George Kirk evacuating the crew of the USS Kelvin, including his wife and unborn son, as he sends it into the enemy craft is an amazing piece of cinema as his death is juxtaposed with the birth of his son. It’s a great opening to the film as initially we are only introduced to him as Kirk – so some of the new to Trek audience will think it is James T –  and it is also the birth of a legend, talk about an apt introduction.

It’s the strongest moment of the new Trek universe that has yet to be equalled, nevermind bettered in its execution.

Bryan Mills in Taken (2008)

When I was growing up Brian Mills was a catalogue, now he’s a kick-ass former special ops dad in a leather jacket played by Liam Neeson who acts as a sometime bodyguard for Holly Valance. Neeson himself thought the film to be no more than a straight to video thriller but the central crux of the story, his daughters kidnap into a people trafficking ring in France, and particularly the trailer that features the now famous “I have a certain set of skills….I will find you and I will kill you” dialogue over the phone as he speaks to his daughter’s kidnappers sent it into the stratosphere. It’s the pre-kidnap scene where he is telling his daughter to remain calm, to remember details, to hide under the bed…and to prepare to be taken that is the stand out moment for me.

It really touched a primeval nerve that we would do anything and go anywhere to save our sons or daughters or to avenge what has been done to them. He’s the Jack Bauer and the Paul Kersey in all of us, doing whatever and taking out whoever it takes to get the job done. The same could be also said of Russell Crowe in Gladiator after the murder of his wife and son, although he dies at the end his mission is accomplished and he gets want he wants, to be with his wife and son in the afterlife.

This revenge/avenging role is also used to great effect by Mel Gibson in practically everything where he is a wronged dad – see The Patriot, Ransom and Edge of Darkness for details.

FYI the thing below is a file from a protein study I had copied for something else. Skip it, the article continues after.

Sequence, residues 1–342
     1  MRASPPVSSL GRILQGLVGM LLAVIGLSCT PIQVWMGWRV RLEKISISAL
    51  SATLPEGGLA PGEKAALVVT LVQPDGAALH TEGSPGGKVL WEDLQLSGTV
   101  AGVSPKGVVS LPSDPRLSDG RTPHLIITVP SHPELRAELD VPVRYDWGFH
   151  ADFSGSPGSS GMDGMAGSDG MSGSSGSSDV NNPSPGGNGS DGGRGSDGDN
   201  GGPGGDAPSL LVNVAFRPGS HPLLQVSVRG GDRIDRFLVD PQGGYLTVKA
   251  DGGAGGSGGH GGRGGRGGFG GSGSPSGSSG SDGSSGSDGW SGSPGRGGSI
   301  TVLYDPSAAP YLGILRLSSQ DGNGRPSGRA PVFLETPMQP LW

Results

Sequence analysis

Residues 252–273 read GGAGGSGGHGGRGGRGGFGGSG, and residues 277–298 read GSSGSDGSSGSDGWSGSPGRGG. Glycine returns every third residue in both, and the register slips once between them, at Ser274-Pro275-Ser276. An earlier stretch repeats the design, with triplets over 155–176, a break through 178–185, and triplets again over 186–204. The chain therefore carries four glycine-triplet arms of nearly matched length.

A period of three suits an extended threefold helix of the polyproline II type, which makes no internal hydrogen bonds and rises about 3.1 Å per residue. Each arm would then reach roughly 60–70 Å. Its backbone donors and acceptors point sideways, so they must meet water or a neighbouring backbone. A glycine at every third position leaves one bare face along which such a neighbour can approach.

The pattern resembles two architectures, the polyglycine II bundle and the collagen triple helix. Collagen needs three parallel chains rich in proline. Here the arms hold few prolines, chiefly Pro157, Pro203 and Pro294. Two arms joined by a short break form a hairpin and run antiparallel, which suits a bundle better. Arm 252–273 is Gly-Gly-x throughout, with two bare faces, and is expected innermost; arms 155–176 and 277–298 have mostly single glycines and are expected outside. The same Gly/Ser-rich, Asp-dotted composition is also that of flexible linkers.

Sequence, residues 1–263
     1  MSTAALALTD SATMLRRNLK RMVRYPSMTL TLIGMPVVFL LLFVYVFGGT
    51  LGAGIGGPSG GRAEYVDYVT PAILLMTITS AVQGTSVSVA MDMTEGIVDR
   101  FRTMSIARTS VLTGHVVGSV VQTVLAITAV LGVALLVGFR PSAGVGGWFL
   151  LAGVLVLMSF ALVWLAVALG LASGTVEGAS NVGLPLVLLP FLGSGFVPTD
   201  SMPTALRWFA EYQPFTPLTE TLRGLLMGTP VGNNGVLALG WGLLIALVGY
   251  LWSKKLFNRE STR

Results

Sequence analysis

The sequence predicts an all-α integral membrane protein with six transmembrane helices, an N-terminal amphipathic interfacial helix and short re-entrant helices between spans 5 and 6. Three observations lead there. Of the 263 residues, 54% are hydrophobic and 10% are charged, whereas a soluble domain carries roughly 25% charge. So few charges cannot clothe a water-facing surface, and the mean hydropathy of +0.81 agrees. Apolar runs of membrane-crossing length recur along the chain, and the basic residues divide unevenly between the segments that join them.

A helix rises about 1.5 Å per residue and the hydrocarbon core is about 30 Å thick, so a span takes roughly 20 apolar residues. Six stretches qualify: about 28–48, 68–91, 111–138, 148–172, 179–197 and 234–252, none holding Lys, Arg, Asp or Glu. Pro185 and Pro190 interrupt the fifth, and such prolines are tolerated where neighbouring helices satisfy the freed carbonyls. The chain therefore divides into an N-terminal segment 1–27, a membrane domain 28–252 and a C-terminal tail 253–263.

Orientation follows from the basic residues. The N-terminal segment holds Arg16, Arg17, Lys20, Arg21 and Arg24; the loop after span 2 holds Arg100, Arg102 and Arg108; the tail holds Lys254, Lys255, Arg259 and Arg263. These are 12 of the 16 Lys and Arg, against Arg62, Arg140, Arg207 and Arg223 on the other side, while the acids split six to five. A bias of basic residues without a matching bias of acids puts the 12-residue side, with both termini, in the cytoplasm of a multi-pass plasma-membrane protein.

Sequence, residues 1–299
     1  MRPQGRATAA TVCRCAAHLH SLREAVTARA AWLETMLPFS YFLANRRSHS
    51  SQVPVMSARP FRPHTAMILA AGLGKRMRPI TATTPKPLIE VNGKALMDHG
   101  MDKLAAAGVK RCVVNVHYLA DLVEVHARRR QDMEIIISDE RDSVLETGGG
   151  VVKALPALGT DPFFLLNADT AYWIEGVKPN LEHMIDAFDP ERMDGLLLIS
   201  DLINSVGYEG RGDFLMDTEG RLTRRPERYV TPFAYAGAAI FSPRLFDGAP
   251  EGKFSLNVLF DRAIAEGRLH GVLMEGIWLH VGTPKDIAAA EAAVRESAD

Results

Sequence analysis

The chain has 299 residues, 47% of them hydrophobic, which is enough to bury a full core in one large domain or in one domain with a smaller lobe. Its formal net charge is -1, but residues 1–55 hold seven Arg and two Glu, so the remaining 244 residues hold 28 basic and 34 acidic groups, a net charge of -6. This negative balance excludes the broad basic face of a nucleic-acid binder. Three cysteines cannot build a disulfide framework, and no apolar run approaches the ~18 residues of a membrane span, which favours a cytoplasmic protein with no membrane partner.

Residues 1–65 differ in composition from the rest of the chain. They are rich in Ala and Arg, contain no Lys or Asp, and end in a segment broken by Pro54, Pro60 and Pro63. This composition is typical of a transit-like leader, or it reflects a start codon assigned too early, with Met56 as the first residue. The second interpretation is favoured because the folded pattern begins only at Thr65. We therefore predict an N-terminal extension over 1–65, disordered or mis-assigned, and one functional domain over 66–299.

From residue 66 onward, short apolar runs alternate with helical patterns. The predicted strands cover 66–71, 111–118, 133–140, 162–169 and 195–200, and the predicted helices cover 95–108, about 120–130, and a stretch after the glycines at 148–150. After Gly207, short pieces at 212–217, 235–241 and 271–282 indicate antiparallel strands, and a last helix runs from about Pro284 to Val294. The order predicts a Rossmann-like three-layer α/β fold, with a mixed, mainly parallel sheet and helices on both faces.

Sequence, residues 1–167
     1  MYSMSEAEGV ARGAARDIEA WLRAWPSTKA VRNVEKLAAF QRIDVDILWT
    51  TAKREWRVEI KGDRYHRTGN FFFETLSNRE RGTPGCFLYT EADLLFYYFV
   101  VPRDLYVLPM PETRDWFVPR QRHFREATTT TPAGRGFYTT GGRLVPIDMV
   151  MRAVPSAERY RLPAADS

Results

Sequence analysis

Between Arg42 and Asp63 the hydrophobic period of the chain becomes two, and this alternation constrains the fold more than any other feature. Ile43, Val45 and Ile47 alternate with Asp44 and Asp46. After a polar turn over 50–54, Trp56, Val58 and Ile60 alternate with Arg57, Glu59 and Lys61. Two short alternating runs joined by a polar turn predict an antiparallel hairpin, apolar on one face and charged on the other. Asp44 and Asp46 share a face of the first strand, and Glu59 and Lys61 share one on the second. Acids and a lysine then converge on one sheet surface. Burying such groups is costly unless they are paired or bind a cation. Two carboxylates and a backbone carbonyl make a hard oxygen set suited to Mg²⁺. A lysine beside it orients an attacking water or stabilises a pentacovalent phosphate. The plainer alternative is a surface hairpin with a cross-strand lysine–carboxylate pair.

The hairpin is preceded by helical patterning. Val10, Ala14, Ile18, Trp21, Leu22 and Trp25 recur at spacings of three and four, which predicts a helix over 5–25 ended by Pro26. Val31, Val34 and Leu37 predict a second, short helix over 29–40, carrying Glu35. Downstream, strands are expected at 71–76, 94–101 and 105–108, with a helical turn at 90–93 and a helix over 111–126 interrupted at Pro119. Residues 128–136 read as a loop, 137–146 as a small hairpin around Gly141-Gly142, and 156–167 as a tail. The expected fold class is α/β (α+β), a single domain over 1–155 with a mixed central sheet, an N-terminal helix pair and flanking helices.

Michael Newman in Click (2006)

Like most of Adam Sandler’s films this has plenty of infantile moments, such as repeatedly farting in David Hasselhoff’s face but this It’s A Wonderful Life-esque comedy also has its fair share of well-handled drama. Christopher Walken hands Sandler’s character a TV remote control that can control life itself, pausing or fast forwarding through life…the pefect tool for the over-worked architect fighting for promotion.

It’s a genuine surprise to find such a funny and touching film that has a real emotional core and an important message about spending time with your family taking precedent over your job. Life is short and it can’t be repeated and moments can’t be recaptured, essential to this are great performances by Henry Winkler as Sandler’s dad and with Sandler himself as he grows older, which culminates in his own moving death scene in the pouring rain trying to conect with his own grown up son outside the hospital. It’s this moment that’s my highlight.

The idea isn’t a new one, you’ve only got to look as far as A Christmas Carol and The Family Man for that, but its mix of humour and heart coupled with its contemporary setting and theme of work/life balance shows us it is perhaps more relevant than it ever was.